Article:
Wrongful Convictions

True Crime |
July 13, 2016

The Murders at the Lake

In 1982 three teenagers were killed near the shores of Lake Waco in a seemingly inexplicable crime. More than three decades later, the tragic and disturbing case still casts a long, dark shadow.

Chat |
July 23, 2015

True Grits

Innocence Project of Texas executive director Scott Henson says his organization is about more than DNA evidence.

Criminal Justice |
November 27, 2013

Wrongfully Convicted Grandma Freed

After Fran Keller spent 21 years in prison based on allegations by children who said they were sexually abused in a satanic ritual at her and her husband's day care, she was finally released.

Norwood Trial |
March 20, 2013

Critical Evidence

DNA testing of a blue bandana exonerated Michael Morton. Could the small square of cloth also be the linchpin that seals Mark Alan Norwood's fate?…

Criminal Justice |
January 21, 2013

The Innocent Man, Part One

The National Magazine Award–winning story about Michael Morton, a man who came home from work one day in 1986 to find that his wife had been brutally murdered. What happened next was one of the most profound miscarriages of justice in Texas history.

Behind the Lines |
January 21, 2013

Fed Up!

Sure, Texas’s criminal justice system is tough. But as Fort Worth inmate Richard LaFuente could tell you, the federal criminal system is even tougher.

Web Exclusive |
January 21, 2013

Another Tale of Wrongful Conviction?

Richard LaFuente, who was convicted of murder in 1986, has steadfastly proclaimed his innocence for more than twenty years. Now he has some unlikely support in one person—the victim's own sister.

Editor's Letter |
January 21, 2013

The Scales of Injustice

About a year ago, it was reported that Randall Dale Adams had died, bringing to a close one of the more tragic stories in recent Texas history. A construction worker from Ohio, Adams (pictured here, in 1989) was convicted and sentenced to die in 1977 for the murder of Dallas…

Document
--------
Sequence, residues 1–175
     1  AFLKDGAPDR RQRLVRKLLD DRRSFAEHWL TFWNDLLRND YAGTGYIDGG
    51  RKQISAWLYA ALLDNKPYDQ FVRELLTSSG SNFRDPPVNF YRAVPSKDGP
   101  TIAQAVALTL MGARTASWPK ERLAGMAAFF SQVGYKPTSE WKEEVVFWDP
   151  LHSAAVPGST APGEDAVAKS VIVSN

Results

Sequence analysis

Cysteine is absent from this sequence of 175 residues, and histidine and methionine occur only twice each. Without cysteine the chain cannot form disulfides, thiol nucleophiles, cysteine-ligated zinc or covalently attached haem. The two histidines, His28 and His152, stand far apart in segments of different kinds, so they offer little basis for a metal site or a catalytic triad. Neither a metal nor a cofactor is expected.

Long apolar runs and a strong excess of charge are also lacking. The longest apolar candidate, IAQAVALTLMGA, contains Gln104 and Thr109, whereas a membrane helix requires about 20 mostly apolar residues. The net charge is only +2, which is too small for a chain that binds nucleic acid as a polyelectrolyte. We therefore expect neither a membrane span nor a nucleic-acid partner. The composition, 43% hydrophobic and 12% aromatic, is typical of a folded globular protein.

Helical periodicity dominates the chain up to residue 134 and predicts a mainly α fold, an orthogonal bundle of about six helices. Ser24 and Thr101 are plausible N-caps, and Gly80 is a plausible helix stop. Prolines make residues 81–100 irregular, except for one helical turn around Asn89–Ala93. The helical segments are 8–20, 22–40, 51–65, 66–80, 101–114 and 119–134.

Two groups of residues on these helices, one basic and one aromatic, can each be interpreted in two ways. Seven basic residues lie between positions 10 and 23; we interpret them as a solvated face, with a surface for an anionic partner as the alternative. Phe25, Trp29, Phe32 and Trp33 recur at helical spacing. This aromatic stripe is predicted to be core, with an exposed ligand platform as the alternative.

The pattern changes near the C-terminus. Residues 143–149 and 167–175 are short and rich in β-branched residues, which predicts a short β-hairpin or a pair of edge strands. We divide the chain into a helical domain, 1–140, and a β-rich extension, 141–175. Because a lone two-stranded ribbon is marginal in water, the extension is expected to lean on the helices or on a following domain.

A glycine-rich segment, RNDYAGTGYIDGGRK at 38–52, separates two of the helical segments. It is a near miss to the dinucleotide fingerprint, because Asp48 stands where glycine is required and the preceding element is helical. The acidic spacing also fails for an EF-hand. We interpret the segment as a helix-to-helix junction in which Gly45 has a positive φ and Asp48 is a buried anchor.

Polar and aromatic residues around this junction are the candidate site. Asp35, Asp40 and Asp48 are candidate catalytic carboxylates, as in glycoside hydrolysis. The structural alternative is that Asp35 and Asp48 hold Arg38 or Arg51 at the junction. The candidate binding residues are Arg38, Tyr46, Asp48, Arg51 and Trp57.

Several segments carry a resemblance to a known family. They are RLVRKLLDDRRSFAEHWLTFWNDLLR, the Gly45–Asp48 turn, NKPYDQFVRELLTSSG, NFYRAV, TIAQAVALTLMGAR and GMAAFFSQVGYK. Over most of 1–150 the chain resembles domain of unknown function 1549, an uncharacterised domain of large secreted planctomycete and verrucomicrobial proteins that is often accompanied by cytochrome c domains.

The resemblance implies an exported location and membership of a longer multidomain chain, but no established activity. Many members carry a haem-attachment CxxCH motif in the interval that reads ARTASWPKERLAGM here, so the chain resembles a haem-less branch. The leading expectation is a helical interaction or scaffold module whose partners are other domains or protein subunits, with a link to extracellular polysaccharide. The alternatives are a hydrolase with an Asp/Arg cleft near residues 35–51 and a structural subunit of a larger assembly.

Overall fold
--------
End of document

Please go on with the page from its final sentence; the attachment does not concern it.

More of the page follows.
Letter From Corpus Christi |
January 21, 2013

Hannah’s Prayer

Five years ago, Hannah Overton, a church-going Corpus Christi mother of five, was convicted of murdering her soon-to-be adoptive child and sentenced to life in prison. In April, she returned to  court—and watched her lawyers put the prosecution on defense.

Feature |
January 21, 2013

Trials and Errors

Over the past two decades Texas has exonerated more than eighty wrongfully convicted prisoners. How does this happen? Can anything be done to stop it? We assembled a group of experts (a police chief, a state senator, a judge, a prosecutor, a district attorney, and an exoneree) to find out.

Feature |
January 20, 2013

Innocence Found

Anthony Graves had been behind bars for eighteen years when the prosecutors in his case abruptly dropped all charges and set him free. How did it happen? What happens next?…

Feature |
January 20, 2013

Innocence Lost

Anthony Graves has spent the past eighteen years behind bars—twelve of them on death row—for a grisly 1992 murder. There was no plausible motive nor any physical evidence to connect him to the crime, and the only witness against him repeatedly recanted his testimony. Yet he remains locked up. Did…

Web Exclusive |
January 20, 2013

Free at Last

For eighteen years Anthony Graves insisted that he had nothing to do with the gruesome murder of a family in Somerville. That’s exactly how long it took for justice to finally be served.

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January 20, 2013

Searching for Truth

Pamela Colloff talks about reporting on an eighteen-year-old murder case and interviewing Anthony Graves, who was sent to death row for the crime.

Editor's Letter |
January 20, 2013

Tenacious P

If it’s something you’d just as soon not think about, chances are Pamela Colloff has written about it for TEXAS MONTHLY. Here is a partial list of the subjects she’s covered since coming to work at the magazine thirteen years ago: murder, arson, abortion, heroin addiction, hate crimes, illegal immigration,…

Web Exclusive |
March 31, 2012

Justice in Time

Fifteen years after being released from death row, Kerry Max Cook is still looking for freedom.

News & Politics |
January 1, 2012

Hannah and Andrew

On October 3, 2006, a four-year-old boy named Andrew Burd died in a Corpus Christi hospital. The cause of death was determined to be salt poisoning, an extremely unusual occurrence. Even more shocking was what happened next: his foster mother, Hannah Overton, was found guilty of killing him. But could…

Politics & Policy |
August 31, 2007

Craig’s List

Of the many things the first black district attorney of Dallas County is doing, none is more important than rethinking the concept of guilt and innocence.